What beauty will you find when you wrap up your year and turn to face the new? Are you feeling delighted or overwhelmed? Supported or disconnected? Or maybe, like me, living a little bit in the beautiful mess of the middle.

Live Together – It’s Prettier That Way

40 fabulous humans.

30 chocolate cupcakes.

5 pounds of ground beef.

5 bags of hamburger buns

4 cans of Manwich.

4 bags of cabbage.

4 onions.

3 bags of potato chips.

3 dozen brownies.

2 types of cheese.

1 massive veggie tray.

1 birthday cake.

No… there are no prices adding up here, but all of this food led to sloppy joes and mounds of coleslaw. This also inspired a beautiful happy heart as I facilitated a house filled with family and friends, laughter and beer. We filled our new home with light, joy and housewarming blessings. I was tickled to see so many parts of life come together yet again. I still get party planning anxiety – sure I can invite people over – but will they come?

They did, and I was happy. Bringing people you love together, who also love you back, is a beautiful thing.

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Before the party, I was at my parent’s house for a brief moment and saw this hanging on their fridge. It caught my eye, and my heart, as my first reaction was asking myself “Has this truly been a good year?” There have been some challenging situations that brought beautiful growth. There has also been immense blessings in the ability to step out in faith, with a little bit of fear, that led me to the deep sense of gratitude I experienced standing in my new kitchen, hungry friends all around me.

This line from the image caught me up too….. ‘Life is always giving back to me what I give out.’

That statement is a little, well, confronting. What am I giving out to the world? Am I sharing blame, hurt, confusion, or guilt? Or am I allowing myself to move through these emotions while understanding that I can give kindness, compassion, empathy, and honest expression of my truth. Can I invite my friends out and about in the hopes that they too will reciprocate an invitation rather than stay home for fear of not being included? Does this juxtaposition make sense to anyone else? For I feel there is beauty in paying attention to what you are giving the world.

No. This does not mean overextend and sacrifice and deplete yourself for the sake of others. Rather, I interpret this as a shocking call to action. Am I living in an authentic way that invites others to be authentic? Am I choosing to share my life, my food, my living room with my friends as I hope others will do with me? Life is meant to be lived together, its prettier that way.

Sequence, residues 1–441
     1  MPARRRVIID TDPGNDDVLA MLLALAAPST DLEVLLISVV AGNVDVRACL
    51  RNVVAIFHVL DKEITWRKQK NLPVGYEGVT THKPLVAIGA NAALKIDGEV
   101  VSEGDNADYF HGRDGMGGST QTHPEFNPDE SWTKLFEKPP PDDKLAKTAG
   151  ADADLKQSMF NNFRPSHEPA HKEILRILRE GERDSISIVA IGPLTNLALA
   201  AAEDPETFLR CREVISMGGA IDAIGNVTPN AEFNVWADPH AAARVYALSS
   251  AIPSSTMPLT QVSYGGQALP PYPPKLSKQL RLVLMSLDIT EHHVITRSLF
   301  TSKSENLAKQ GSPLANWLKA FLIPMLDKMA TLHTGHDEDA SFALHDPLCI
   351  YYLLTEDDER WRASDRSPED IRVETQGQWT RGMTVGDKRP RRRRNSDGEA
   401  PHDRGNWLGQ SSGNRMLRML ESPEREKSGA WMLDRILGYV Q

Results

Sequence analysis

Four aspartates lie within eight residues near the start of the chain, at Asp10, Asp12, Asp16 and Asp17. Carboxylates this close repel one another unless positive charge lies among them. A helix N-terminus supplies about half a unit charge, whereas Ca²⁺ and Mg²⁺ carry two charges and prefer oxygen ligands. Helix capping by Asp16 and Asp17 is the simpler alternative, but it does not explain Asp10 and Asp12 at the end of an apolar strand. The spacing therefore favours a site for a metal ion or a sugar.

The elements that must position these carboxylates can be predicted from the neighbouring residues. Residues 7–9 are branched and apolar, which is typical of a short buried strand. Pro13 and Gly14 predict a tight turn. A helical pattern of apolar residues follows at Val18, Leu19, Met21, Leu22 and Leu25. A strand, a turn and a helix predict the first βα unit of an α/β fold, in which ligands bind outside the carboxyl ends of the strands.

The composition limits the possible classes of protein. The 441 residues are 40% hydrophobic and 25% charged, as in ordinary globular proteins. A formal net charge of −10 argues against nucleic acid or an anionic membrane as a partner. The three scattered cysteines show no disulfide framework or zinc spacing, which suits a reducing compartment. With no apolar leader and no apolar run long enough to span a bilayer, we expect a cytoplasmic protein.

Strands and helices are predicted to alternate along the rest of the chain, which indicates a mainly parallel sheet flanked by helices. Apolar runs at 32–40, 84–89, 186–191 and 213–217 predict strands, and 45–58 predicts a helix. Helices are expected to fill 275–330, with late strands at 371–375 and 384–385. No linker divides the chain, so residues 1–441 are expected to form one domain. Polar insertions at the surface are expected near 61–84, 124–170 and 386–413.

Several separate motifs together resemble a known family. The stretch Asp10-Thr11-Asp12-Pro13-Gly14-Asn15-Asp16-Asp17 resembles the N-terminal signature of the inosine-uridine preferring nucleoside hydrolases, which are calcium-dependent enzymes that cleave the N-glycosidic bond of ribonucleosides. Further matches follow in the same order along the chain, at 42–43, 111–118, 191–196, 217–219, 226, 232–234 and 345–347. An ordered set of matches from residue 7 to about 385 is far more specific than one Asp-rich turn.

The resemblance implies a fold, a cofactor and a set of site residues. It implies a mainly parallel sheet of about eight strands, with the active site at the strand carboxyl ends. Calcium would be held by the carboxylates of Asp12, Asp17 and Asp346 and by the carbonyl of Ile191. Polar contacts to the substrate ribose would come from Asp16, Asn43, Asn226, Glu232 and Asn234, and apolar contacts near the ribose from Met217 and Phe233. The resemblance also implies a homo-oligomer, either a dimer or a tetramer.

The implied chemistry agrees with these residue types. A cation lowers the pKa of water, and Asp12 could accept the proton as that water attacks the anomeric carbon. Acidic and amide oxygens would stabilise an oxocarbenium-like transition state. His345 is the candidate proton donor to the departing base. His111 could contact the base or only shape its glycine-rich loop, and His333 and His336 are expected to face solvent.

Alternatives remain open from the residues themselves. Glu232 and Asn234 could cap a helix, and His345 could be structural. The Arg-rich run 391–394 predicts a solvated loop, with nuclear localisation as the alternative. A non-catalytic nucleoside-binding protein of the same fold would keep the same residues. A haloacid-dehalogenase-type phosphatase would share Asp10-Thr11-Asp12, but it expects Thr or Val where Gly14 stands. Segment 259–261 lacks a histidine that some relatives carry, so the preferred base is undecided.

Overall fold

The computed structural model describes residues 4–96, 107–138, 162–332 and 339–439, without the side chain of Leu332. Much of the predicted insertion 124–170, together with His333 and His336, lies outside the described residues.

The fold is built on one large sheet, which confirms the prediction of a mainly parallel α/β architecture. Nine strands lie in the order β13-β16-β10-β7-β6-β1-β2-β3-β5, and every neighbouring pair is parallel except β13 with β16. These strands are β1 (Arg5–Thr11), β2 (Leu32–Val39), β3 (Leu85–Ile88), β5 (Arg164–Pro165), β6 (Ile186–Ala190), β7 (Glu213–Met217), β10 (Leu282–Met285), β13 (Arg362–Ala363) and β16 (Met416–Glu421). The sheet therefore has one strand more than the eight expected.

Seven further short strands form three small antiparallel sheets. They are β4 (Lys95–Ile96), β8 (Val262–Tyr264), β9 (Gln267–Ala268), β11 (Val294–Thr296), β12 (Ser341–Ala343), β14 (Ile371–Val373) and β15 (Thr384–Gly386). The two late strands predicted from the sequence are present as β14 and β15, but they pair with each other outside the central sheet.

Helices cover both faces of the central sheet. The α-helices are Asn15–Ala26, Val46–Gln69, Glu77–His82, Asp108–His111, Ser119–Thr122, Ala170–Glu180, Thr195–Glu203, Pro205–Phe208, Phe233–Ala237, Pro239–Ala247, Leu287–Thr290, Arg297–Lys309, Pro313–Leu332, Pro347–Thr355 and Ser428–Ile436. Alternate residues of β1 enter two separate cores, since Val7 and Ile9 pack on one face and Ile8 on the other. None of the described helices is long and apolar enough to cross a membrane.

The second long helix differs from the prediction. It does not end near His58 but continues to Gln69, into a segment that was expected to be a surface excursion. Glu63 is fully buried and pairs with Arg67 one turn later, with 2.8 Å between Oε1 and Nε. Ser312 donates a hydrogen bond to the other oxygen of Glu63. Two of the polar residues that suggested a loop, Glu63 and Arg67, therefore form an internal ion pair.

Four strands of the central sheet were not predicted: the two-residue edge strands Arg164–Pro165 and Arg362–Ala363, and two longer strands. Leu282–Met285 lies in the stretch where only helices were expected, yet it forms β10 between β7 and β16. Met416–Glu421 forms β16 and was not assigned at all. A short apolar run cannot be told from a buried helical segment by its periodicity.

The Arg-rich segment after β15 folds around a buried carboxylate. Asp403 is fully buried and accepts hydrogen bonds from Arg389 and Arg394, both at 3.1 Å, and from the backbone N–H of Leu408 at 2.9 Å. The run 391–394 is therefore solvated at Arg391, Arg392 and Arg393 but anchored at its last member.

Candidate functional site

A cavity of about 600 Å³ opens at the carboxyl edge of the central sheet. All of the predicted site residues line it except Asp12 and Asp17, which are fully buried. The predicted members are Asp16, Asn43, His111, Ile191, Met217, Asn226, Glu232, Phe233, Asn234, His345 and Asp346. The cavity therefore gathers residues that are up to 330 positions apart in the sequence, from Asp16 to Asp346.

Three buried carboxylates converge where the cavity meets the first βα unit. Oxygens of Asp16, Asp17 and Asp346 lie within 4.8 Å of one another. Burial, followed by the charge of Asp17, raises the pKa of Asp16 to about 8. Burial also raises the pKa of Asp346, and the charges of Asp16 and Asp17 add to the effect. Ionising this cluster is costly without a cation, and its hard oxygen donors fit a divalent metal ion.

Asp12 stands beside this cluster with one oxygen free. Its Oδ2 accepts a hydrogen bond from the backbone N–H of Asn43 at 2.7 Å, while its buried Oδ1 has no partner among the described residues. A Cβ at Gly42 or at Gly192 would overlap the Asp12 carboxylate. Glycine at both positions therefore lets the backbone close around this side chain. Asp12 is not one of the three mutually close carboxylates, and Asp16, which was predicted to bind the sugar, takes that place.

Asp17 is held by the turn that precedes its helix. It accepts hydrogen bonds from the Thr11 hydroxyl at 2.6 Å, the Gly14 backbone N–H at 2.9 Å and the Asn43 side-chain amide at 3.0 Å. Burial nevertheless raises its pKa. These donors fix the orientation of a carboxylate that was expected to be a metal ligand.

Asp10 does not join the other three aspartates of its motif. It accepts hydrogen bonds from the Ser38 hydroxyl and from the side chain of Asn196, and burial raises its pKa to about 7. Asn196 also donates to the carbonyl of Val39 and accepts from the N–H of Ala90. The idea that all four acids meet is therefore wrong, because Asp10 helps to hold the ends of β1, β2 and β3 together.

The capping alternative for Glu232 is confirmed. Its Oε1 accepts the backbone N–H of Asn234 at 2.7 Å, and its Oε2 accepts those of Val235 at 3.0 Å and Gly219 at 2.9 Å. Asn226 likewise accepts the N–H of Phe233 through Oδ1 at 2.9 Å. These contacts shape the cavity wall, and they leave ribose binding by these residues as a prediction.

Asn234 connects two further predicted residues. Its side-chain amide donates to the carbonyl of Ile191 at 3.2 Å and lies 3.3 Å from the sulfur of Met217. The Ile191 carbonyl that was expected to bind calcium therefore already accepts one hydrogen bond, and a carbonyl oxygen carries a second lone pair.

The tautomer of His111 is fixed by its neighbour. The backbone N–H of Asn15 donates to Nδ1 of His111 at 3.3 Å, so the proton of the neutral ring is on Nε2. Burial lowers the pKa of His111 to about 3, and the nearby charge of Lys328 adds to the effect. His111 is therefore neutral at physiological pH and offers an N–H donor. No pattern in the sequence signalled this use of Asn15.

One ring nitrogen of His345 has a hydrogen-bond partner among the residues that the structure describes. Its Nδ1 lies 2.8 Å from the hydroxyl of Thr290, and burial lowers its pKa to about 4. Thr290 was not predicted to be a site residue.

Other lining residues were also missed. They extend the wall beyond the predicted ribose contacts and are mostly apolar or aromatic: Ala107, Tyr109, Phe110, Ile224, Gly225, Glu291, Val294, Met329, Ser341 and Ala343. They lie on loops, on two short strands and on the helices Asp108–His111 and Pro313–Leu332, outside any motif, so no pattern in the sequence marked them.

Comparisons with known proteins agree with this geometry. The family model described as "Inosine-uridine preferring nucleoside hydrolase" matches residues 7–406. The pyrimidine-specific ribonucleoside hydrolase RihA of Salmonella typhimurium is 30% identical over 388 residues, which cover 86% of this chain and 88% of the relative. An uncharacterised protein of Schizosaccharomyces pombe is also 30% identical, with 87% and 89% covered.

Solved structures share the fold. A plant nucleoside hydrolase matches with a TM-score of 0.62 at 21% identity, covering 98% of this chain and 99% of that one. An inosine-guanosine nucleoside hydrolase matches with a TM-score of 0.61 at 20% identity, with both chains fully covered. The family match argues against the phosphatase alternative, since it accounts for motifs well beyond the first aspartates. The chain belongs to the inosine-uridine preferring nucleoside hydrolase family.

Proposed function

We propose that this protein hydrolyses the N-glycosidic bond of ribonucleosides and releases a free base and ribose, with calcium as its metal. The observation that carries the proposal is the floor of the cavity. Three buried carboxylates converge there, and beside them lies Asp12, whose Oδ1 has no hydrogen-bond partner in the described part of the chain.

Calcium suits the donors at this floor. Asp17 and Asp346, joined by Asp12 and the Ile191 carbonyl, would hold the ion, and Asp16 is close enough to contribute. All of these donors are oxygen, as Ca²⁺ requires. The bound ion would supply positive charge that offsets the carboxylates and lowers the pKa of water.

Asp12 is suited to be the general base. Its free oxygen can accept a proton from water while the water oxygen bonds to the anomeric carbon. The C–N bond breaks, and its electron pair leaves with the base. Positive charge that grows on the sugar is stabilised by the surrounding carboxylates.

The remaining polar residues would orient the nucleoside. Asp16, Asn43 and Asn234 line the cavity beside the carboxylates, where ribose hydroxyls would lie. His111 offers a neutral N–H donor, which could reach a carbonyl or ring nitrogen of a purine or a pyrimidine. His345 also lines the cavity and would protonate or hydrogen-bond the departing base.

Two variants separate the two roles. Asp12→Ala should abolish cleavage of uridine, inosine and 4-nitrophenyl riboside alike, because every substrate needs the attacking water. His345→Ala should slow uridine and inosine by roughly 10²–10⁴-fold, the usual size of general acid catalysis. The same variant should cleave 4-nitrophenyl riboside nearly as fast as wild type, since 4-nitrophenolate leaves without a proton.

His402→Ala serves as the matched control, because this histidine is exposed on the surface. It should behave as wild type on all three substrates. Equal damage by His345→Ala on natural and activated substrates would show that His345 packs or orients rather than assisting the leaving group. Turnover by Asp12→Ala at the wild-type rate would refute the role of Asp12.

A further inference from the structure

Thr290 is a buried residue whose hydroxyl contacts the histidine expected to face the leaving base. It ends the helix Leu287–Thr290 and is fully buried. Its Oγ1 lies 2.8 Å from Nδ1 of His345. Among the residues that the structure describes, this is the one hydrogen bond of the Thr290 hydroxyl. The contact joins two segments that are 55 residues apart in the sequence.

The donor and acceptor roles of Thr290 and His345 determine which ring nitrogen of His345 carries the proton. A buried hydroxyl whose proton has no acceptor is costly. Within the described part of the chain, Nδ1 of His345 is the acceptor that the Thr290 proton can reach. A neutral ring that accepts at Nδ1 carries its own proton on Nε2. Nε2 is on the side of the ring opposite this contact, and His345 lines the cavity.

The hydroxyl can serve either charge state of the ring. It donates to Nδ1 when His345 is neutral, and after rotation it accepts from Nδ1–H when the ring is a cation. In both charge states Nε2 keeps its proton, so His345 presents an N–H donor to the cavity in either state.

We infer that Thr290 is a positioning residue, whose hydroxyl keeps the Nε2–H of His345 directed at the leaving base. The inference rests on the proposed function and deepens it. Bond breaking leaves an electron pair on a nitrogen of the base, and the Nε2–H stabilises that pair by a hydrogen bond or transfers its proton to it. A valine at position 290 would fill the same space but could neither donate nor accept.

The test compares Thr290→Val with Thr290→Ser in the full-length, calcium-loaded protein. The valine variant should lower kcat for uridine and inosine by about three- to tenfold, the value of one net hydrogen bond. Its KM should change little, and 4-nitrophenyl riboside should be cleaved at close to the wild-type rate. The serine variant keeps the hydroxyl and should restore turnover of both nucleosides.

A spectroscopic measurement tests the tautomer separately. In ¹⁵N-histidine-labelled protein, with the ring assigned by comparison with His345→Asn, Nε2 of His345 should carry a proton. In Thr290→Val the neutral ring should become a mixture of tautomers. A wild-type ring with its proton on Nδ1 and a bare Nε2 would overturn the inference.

I find it odd that Americans make fun of our propensity for gratitude this month. Sure, we may not remember to be thankful all year, but what is wrong with reminders to stay grounded in gratitude for at least thirty days? Dylan and I have been sharing what we are thankful for each day at the dinner table this month. Maybe we will continue as we move into a new year, maybe we won’t. Either way the practice is grounding when focusing on the present.

I have also chosen to participate in a fun social media project using the hashtag #30daysofreal. I find that gratitude comes with acceptance for me, and there is nothing better than breaking down the fake illusions we often create on social media. The hashtag is meant to portray the good, the bad, and the beautiful in real life – at least for 30 days. Join us if you will. It’s fun.

What are you giving to the world? Is it gratitude, is it authenticity, or perhaps something else?

No biscotti.

New Essie Polish: Frilling Me Softly – SO FUN FOR THE WINTER HOLIDAYS

When Goals Become Accomplishments

I just looked at the calendar. It is September 20th. You are likely reading this and thinking, well yes, just look at a calendar. You have one on your phone, and on the wall.  I’ve been thinking it’s September 17th for the last four days in a row. Time is going quickly and the year is almost in the fourth quarter.

I’ve been reflecting on goals, and resolutions, and have asked myself the question, “Have you accomplished what you set out to accomplish this year?” I was drawn to my post about new year’s resolutions and realized, yes, I have done some of these things on my list. Currently, my cupboard is bare of biscotti and my nails are naked, so I’m not doing as great as I thought I would on those weekly goals.